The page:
A new Kirby game, a new Kirby gimmick. Where Kirby’s Epic Yarn gave us the Yarn Whip, and Kirby: Planet Robobot gave us mechs, Kirby Star Allies lets players infuse weapon based copy abilities with elemental effects. Swords, hammers, staffs, whips, and other weapons can be held up in the air and other players or AI helpers with said elements can attack to cause said infusion. Kirby creates these helpers by throwing a heart at them to befriend up to three that can be controlled by other players or the AI. If Kirby gets too far ahead, his helpers will warp to him, and if he runs out of health they have the option to revive him and vice versa.
Thankfully, the AI helpers are surprisingly smart and will help Kirby solve puzzles and fight enemies, meaning the entire game can be 100 percent completed solo. On the flip side, the game struggles to maintain its 30FPS framerate when the action gets heavy with multiple characters’ particle effects are going off at the same time; ice especially causes stuttering. That said, it isn’t enough to impact gameplay in any meaningful way—but it is still worth noting.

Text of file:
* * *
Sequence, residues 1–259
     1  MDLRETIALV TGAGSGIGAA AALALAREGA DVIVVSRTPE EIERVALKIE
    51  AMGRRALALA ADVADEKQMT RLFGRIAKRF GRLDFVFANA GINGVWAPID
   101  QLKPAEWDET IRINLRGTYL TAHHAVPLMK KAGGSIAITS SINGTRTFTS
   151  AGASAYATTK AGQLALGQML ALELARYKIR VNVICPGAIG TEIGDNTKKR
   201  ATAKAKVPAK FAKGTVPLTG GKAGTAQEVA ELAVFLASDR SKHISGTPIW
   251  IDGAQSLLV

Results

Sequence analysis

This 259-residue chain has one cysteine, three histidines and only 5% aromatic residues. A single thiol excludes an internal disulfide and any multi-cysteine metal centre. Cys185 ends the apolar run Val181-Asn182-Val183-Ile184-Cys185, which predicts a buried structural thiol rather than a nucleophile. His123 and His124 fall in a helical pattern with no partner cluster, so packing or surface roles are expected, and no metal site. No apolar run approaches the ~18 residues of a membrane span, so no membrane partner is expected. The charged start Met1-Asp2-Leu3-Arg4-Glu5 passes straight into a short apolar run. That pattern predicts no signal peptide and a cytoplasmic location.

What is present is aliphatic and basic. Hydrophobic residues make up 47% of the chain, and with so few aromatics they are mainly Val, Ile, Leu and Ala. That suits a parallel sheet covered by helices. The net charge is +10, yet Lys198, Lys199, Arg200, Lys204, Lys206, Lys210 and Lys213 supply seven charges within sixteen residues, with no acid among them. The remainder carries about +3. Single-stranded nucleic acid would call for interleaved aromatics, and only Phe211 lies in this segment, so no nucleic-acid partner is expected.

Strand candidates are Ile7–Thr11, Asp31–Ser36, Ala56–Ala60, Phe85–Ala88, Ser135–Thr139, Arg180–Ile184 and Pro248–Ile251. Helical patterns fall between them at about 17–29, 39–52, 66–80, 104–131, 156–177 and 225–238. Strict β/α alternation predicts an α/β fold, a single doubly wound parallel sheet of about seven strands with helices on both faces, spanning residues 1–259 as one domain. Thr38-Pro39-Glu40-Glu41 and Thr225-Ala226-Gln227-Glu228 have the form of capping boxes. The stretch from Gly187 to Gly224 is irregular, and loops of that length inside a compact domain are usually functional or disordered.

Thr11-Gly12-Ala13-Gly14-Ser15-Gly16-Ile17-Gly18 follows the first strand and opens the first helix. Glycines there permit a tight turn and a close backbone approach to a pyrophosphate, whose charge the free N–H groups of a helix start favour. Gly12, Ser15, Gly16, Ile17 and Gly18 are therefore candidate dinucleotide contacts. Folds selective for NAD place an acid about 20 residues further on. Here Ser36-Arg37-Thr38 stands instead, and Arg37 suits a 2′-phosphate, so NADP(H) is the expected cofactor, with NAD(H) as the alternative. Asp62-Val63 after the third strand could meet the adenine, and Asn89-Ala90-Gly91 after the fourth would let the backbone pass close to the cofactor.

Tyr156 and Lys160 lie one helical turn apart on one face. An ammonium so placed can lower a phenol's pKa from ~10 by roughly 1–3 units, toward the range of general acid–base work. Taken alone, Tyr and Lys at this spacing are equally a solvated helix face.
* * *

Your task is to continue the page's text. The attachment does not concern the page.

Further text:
Aside from those gimmicks, Kirby Star Allies is Kirby as usual, with a handful of recognizable bosses as well as some newcomers strewn across 40 colourful levels split across four planets. As a veteran Kirby fan—having played the series since its iteration—I couldn’t help but feel most of the level design here is lacking, especially after coming off the heels of the vibrant and varied levels of Kirby: Planet Robobot. Levels are mostly straightforward affairs peppered with a few thoughtless puzzles that require combining the powers of nearby enemies.
Occasionally, there are sections where Kirby and his pals combine forces to take the form of a friendship circle, which basically turns the game into an endless runner for a few screens where any player can press jump to cause everyone to leap over gaps. There’s also the friendship train, which is basically the same thing as the friendship circle only it can go up walls, and the friendship bridge that has players moving up and down at the same time to make a bridge for a key carrying enemy to reach his destination. While these moments add a little variety, they aren’t enough to keep Kirby Star Allies from feeling a bit underwhelming overall.